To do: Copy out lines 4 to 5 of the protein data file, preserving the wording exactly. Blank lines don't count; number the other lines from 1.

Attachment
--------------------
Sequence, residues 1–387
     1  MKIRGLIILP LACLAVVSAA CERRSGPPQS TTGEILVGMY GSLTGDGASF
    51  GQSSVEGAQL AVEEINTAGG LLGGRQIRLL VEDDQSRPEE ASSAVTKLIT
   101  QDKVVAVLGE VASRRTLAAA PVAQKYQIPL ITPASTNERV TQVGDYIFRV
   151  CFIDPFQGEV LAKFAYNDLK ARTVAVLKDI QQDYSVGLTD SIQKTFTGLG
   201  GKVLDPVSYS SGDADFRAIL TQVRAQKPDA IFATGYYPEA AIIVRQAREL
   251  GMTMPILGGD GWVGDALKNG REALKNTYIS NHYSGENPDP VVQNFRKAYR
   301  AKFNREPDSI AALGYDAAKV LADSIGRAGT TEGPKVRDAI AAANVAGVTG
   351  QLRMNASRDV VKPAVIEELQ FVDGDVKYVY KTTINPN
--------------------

   101  QDKVVAVLGE VASRRTLAAA PVAQKYQIPL ITPASTNERV TQVGDYIFRV
   151  CFIDPFQGEV LAKFAYNDLK ARTVAVLKDI QQDYSVGLTD SIQKTFTGLG